Thomas Hazlett of Clemson University debates Ryan Cough of Public Knowledge on whether broadband networks should be regulated by common carrier rules. Federal policy makers have been going back and forth on the issue for over a decade. Who’s right? You be the judge.
A bitter controversy has engulfed Washington over the “UHF Discount.” But it is sound and fury over what are zombie rules governing phantom markets.
There are deep reasons to question TV regulations, which preserve airwave set-asides created prior to World War II and which now deprive wireless customers of bandwidth for their tablets, smartphones, flat panels and Fit Bits. But those protests have curiously yet to emerge. Continue reading
The Radio Act of 1927, the brainchild of then-Secretary of Commerce Herbert C. Hoover, created a regulatory regime for carefully parceling out airwaves according to a “public interest” standard. It was said to be necessary to prevent chaos—“etheric bedlam.”
In fact, it was not. Rather, it reflected Washington politics that favored incumbent interests—the first few visionaries who opened radio stations and enjoyed commercial…
By Thomas Hazlett
June 29, 2017
Ten years ago this week the Apple iPhone, described by Steve Jobs as a “revolutionary product” that “changes everything,” went on sale for the first time. A million flew off the shelves in just ten weeks and a decade later—with more than a billion sold worldwide—the iPhone has transformed the way we live, work and do business.
But even as the fanboys and girls were camping out to be at the front of the line, harsh critics queued. Columbia law professor Tim Wu denounced the iPhone as “anticompetitive.” Nested exclusively with AT&T and lurking in a “walled garden,” the iPhone rollout violated “network neutrality,” a term coined by Mr. Wu to describe his preferred platform for fixed and wireless communications.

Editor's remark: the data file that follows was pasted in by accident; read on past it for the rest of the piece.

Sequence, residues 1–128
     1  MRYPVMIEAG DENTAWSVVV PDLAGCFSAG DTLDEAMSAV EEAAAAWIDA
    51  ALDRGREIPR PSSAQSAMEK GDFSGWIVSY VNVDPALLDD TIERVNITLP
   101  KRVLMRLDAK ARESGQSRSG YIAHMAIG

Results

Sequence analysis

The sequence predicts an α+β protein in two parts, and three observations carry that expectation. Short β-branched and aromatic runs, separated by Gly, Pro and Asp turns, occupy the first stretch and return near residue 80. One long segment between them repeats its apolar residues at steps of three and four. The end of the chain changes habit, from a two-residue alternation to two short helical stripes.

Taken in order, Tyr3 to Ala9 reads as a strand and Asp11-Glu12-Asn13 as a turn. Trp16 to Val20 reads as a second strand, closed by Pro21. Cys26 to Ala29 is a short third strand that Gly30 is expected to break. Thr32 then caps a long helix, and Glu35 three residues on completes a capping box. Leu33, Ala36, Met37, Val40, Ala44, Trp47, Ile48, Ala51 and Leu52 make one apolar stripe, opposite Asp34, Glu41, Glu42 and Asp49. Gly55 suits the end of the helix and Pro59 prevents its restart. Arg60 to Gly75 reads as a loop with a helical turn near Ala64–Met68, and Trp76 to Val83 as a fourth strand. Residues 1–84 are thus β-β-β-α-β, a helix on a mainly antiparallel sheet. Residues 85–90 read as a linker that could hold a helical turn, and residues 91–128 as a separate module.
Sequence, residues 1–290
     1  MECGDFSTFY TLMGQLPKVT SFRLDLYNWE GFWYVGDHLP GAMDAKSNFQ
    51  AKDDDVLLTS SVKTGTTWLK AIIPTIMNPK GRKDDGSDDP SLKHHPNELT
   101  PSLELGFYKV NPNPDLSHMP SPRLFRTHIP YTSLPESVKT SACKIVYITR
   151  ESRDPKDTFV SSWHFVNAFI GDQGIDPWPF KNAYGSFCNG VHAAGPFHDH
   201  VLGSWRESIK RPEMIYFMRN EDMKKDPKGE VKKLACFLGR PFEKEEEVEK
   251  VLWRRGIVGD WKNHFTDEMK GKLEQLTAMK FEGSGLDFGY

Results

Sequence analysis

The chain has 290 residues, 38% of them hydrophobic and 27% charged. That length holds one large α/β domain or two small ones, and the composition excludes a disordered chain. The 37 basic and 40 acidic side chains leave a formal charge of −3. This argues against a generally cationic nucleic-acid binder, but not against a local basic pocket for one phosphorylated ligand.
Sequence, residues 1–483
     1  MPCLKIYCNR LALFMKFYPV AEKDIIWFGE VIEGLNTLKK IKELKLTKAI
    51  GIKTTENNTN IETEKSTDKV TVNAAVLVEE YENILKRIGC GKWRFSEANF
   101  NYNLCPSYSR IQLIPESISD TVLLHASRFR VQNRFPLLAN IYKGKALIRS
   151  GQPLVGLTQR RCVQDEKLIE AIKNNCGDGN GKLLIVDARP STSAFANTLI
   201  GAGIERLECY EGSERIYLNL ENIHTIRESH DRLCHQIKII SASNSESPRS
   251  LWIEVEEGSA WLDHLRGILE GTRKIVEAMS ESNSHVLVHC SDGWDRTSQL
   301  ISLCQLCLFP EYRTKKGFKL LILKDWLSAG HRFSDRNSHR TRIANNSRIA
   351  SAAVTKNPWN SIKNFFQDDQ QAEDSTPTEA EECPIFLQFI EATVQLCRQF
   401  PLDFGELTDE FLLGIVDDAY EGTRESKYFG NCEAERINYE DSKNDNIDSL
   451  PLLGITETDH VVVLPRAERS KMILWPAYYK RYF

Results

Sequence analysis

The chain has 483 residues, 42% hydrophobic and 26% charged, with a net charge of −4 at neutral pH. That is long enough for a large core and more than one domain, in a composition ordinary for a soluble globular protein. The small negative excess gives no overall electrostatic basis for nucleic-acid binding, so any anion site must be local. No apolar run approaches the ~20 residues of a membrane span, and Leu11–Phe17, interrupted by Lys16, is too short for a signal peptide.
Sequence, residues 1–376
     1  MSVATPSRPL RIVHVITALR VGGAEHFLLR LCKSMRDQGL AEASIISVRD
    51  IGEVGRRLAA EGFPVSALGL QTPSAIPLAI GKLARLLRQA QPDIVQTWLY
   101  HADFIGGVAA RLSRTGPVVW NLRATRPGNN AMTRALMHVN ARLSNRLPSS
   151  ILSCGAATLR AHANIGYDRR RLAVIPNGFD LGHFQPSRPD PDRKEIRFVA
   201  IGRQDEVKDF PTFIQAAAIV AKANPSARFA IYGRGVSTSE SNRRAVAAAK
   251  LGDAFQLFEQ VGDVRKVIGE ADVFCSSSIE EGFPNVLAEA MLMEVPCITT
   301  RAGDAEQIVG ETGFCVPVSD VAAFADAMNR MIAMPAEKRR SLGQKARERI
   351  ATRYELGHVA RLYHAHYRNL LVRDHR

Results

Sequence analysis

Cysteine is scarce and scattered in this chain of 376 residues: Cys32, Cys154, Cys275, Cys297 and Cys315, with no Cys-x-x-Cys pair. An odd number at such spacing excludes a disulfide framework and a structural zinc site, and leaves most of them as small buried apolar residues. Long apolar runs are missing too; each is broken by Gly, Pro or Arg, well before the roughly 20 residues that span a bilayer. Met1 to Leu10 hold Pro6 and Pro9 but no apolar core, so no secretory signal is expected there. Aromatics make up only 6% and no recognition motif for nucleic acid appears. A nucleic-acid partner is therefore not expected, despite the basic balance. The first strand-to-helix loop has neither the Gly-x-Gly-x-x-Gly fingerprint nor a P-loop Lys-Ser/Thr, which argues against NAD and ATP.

The iPhone roared into the marketplace 10 years ago today, and overwhelmed the wireless world. The smartphone’s iconic social significance has been duly noted. What has escaped attention is that the device burst into a sector long insulated from the slightest threat of disruptive innovation. The iPhone’s victorious attack followed — and required — a long arc of liberalization in airwaves, itself a stunning regulatory and marketplace triumph.
Here’s why the iPhone was able to succeed.
In February 2009 the Federal Communications Commission began to draft a National Broadband Plan (NBP). Published in March 2010, the study asked how policymakers might improve broadband in the U.S.
The answer: use innovative market mechanisms to nudge more spectrum into the wireless sector. Cellular networks were exploding in popularity, hosting apps like Facebook and YouTube, and their capacities were being severely strained by the emerging mobile data tsunami. Yet, vast bandwidth was locked up under rigid allocations laid out for the technologies of yesteryear. More permissive rules would allow those frequencies to accommodate emerging networks and fuel robust competition in the mobile market.
By Thomas Hazlett
May 23, 2017
United’s passenger “re-accommodation” debacle was so easy to avoid. An auction would discover which passengers would be eager to step aside. United did dangle $800 in flight credits for seats, but that price was wrong. Bidding was curiously halted. And then United decided to acquire its desired seats the old-fashioned way, caveman style.
How did that work out? Rather than paying what four passengers considered appropriate compensation – say, $1,200 in UAL vouchers and a handful of Chik-fil-A coupons – United is now paying in reduced demand for its services, captured cleanly in a quick $500 million drop in company share prices. Counting that financial hit, the airline overpaid for the four seats it sought to re-acquire by something like $499,998,500.